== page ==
Work-Life Balance & Law Firms: An impossible dream?

December 9, 2021


3 min read

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What's going on here?

For those entering the legal profession, the possibility of a good work/life balance is usually accepted as unattainable. The legal profession has long had the reputation of extensive hours with little to no downtime. Whilst many have accepted this as an unavoidable aspect of a legal career, it seems that things are changing.

Striking the balance

Research undertaken by Realm Recruit shows that flexible working and wellbeing have overtaken pay as a priority for lawyers, particularly millennials. This reflects the generational change within the sector with law firms making many positive changes to reflect these new priorities. In fact, many law firms have begun placing a greater emphasis on employee welfare by offering greater flexibility and encouraging employees to focus on their mental wellbeing. For example, Irwin Mitchell has started allowing employees to take wellbeing days in order to recharge. Further, law firms such as Taylor Wessing and Linklaters have provided employees with access to wellbeing apps such as Headspace and BetterSpace to improve employee mental health. These examples show law firms taking concrete steps to improve employee wellbeing. 

Legal Cheek’s annual “Firms Most List” has revealed those firms who provide the best work/life balance as voted by trainees and junior lawyers. Those who scored an A* in this category are:

  • BLM
  • Bristows
  • DWF
  • Forsters
  • Gateley 
  • Irwin Mitchell
  • Hill Dickinson 
  • Kingsley Napley
  • Mills & Reeve 
  • Russell-Cooke
  • Shakespeare Martineau
  • Shoosmiths
  • Womble Bond Dickinson

Unsurprisingly, many of those who scored highest in this category are those firms who have a number of regional offices which are notorious for a better work/life balance than their London counterparts. However, more surprising is the presence of city firms such as Bristows. When deciding between law firms, conventional wisdom dictates avoiding magic circle firms and city giants if you want to finish work at a reasonable hour. High street firms or inhouse practices are usually viewed as offering greater flexibility. Whilst it can’t be said that a work/life balance is guaranteed in such firms, the type of work undertaken is usually less demanding in terms of tight deadlines that require all-nighters. Despite these historical trends, the shift in prioritisation of employee wellbeing seems to have impacted the majority of firms operating within the UK.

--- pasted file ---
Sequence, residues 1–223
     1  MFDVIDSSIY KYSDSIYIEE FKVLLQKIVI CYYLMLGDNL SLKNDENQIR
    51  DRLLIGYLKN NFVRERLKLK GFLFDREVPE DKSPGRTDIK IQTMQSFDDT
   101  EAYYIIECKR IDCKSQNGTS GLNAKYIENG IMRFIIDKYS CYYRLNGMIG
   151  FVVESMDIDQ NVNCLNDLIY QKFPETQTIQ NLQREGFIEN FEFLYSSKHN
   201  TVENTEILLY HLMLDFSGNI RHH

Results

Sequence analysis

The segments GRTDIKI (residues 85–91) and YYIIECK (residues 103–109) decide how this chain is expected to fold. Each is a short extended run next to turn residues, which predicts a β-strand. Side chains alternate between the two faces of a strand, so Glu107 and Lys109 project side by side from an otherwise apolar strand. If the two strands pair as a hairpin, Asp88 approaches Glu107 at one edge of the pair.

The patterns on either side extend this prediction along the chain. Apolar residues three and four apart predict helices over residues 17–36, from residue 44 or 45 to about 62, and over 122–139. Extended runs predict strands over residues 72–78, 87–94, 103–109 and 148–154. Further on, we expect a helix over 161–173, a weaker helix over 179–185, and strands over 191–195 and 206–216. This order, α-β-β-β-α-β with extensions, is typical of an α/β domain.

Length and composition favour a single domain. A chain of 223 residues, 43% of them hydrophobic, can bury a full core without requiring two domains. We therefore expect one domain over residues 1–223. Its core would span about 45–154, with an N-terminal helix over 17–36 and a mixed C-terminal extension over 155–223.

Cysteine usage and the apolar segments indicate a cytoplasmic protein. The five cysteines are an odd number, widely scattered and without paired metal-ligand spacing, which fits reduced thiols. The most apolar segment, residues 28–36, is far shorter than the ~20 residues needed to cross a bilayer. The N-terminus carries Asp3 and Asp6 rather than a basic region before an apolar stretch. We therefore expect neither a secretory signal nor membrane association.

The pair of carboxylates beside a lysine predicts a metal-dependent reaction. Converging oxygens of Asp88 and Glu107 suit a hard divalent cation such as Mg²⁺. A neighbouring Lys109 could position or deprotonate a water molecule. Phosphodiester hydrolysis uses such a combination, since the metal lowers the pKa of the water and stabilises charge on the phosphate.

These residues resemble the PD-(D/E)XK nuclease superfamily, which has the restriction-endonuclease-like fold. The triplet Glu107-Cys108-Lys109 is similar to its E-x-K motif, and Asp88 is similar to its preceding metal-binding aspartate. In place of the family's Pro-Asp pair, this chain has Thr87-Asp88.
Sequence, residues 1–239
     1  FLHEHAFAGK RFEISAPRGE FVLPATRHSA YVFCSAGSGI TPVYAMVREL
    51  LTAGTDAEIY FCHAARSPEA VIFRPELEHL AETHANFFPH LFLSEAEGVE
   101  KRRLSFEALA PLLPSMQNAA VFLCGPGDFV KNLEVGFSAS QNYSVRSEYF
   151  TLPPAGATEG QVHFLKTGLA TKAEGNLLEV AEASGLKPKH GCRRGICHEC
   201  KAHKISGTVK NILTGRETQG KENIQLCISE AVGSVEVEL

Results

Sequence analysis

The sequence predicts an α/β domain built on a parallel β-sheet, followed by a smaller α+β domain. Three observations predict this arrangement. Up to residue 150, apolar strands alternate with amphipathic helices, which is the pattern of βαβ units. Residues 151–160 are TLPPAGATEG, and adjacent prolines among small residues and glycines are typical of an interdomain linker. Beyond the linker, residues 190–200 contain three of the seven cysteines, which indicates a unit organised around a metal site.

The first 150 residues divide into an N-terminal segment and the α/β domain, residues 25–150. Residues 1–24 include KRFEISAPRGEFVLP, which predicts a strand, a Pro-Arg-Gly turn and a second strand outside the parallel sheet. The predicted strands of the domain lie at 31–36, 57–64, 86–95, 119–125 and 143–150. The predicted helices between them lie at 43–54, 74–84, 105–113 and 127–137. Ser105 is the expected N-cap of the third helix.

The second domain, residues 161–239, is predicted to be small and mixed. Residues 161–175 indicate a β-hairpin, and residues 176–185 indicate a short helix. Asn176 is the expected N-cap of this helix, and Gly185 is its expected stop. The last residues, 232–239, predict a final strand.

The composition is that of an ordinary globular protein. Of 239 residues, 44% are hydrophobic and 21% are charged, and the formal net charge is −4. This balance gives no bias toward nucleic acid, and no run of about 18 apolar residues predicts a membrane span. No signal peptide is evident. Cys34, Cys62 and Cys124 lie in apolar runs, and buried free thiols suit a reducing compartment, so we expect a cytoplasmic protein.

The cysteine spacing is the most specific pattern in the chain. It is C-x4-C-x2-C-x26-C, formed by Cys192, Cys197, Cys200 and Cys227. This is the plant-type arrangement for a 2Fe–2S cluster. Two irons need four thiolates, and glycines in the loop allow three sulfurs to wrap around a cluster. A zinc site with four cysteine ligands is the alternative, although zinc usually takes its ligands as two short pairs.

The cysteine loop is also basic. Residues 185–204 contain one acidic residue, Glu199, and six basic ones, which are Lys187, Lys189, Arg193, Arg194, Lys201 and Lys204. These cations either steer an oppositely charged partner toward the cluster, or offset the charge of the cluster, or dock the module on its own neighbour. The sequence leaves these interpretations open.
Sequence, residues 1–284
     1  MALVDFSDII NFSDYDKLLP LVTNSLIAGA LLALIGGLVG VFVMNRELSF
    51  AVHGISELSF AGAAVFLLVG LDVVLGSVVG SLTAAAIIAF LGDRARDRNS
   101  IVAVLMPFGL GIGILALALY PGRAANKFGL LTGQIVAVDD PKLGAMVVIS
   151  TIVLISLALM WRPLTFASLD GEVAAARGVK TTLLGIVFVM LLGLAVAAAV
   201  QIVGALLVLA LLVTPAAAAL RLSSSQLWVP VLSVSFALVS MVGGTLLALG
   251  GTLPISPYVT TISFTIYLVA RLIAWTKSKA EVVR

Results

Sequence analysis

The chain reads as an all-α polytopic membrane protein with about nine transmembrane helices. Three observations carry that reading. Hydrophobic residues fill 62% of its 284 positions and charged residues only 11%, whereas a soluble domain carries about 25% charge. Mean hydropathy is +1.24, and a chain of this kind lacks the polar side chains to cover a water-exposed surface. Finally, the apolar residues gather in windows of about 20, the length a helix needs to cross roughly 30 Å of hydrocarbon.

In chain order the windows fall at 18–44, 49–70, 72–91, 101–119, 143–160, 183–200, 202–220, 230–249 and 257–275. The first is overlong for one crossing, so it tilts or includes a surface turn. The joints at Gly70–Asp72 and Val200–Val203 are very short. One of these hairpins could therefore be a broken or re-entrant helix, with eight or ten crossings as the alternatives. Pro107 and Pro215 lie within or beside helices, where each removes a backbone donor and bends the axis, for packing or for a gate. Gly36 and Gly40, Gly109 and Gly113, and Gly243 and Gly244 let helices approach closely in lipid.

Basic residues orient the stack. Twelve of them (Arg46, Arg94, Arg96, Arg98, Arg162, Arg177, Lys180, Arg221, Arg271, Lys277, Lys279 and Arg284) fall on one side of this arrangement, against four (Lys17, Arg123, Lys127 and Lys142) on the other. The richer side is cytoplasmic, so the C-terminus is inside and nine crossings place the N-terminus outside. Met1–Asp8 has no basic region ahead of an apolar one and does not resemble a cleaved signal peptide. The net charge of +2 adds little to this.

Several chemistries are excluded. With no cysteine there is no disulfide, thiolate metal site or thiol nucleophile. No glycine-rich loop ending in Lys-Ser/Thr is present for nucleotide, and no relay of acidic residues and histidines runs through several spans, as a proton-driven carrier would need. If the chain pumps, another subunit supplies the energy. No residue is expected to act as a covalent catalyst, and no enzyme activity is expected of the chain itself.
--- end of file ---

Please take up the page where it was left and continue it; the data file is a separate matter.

Looking forward...

This prioritisation appears to have received a major boost from the impact of Covid and the current remote working environment. Since the merging of “work life” and “home life” as a result of working from home, the need for a separation of the two appears to have become more apparent. With many experiencing fatigue and burnout during the pandemic, providing flexibility to allow employees to focus on their mental wellbeing became increasingly important to law firms.

 This trend has appeared to continue since the reopening of offices with most firms encouraging remote working for at least one day a week. The continued flexibility regarding remote working has received positive responses from those within the legal profession, especially those with childcare responsibilities. This has the potential to improve gender diversity within the profession; with greater flexibility, women are less likely to exit the profession due to family and care commitments.  

Whatever the reason for the greater flexibility and thus work/life balance within the legal sector, it is certainly a positive shift for the wellbeing of lawyers. Only time will tell whether this promising trend will remain an integral part of the legal industry or fizzle out as we emerge from the pandemic.

Report written by Nell Pringle

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